Alcohol Awareness Week and how Abstaining Improves Athletic Performance

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This week is alcohol awareness week.

Personally last weekend was the first time I went out on a night out for the first time since last winter and it is no co-incidence that my results have improved no end.

Abstaining from alcohol has huge benefits for athletic performance. And as this poster shows, after so long of hard training and racing, there is nothing wrong with finally letting your hair down but no matter how fit you are, if as athletes we are going to have a quiet few drinks, it is important to leave at least a week before your next race as our reactions will not be the same for 72 hours after we have consumed our final drink.

For a start, alcohol can make you a lot more at risk of injury, and this can happen in a number of different ways. Alcohol alters the sequence of the different phases of your sleep cycle. Sleep is a hugely important part of an athletes training and recovery and alcohol consumption reduces our body’s ability to store glycogen – a crucial energy source that you need for endurance – as well as increasing the levels of the stress hormone cortisol. As a result, this slows down healing and recovery of muscles after exercise.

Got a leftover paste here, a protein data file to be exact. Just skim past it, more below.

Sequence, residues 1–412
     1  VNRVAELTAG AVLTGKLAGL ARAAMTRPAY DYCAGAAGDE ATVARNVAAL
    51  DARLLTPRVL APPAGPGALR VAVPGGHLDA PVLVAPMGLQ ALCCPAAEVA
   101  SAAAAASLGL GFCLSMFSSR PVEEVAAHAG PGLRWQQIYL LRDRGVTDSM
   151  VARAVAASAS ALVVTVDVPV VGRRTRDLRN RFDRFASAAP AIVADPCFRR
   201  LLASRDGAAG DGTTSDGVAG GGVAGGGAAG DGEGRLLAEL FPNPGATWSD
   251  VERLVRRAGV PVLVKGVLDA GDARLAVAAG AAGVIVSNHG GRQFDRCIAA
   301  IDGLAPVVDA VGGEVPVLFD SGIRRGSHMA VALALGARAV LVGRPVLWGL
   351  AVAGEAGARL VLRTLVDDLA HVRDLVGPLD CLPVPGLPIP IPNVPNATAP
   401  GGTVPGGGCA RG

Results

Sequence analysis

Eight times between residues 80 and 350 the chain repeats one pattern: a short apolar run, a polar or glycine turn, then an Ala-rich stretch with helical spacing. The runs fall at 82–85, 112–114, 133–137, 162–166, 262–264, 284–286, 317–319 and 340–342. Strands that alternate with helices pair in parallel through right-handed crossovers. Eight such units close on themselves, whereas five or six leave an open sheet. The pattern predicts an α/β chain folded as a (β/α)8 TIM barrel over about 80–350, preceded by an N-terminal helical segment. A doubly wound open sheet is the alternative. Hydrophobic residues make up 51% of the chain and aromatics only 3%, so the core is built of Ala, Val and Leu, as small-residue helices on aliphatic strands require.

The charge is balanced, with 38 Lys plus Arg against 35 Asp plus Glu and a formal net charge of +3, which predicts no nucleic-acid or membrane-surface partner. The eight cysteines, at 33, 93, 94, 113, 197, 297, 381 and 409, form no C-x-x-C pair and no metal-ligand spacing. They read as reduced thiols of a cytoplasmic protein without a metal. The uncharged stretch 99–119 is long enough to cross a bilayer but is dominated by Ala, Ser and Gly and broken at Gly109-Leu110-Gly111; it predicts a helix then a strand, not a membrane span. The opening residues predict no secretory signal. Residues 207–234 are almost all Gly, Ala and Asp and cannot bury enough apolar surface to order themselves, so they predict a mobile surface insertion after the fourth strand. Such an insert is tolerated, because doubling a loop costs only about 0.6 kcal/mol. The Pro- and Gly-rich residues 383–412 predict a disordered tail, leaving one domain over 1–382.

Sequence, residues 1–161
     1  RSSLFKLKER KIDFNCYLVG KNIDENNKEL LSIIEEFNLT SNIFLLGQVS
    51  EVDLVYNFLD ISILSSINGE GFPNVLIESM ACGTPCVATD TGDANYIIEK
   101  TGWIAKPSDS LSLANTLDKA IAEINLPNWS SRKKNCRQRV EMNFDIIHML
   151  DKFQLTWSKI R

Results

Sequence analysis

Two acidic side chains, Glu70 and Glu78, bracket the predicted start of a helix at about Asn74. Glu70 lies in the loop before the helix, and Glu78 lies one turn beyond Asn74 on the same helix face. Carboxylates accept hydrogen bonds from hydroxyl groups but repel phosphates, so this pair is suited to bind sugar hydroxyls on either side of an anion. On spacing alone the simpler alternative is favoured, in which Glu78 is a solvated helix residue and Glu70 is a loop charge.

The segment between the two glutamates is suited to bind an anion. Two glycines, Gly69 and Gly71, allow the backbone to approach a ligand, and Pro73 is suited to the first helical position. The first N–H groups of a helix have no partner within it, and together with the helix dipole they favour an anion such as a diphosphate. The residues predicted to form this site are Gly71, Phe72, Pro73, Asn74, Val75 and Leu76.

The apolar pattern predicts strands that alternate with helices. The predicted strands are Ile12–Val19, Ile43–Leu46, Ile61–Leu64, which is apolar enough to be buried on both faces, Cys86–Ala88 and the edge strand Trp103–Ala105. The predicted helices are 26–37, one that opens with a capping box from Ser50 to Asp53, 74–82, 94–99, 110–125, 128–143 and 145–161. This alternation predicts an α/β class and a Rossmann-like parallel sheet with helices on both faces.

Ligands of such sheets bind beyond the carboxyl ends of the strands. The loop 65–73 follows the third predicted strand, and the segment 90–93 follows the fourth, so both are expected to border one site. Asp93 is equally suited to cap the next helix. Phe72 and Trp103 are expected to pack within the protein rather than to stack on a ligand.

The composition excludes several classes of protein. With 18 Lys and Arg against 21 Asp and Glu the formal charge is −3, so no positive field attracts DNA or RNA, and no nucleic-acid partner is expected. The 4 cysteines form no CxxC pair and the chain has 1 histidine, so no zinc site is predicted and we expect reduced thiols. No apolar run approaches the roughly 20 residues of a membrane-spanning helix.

And this is still true even if you stopped drinking six hours before you went to bed.

Cortisol substantially reduces the levels of human growth hormone by as much as 70%. This chemical is vital for both building and repairing muscle tissue, something you need more than ever when you’re putting your body under increased strain as you increase the intensity of your training.

Alcohol reduces your adenosine triphosphate, what your muscles need to improve and perform by a third, so the longer you abstain during training the more chance there is that you will improve. Alcohol is also a diuretic, so it is important to drink as much water the day after drinking as possible.

In general terms, 13.5% of 20-39 age group deaths the whole world over are alcohol related and 3 million deaths a year worldwide are as a result of alcohol misuse and harmful alcohol consumption.

5.1% of all global illness is brought on by alcohol consumption.

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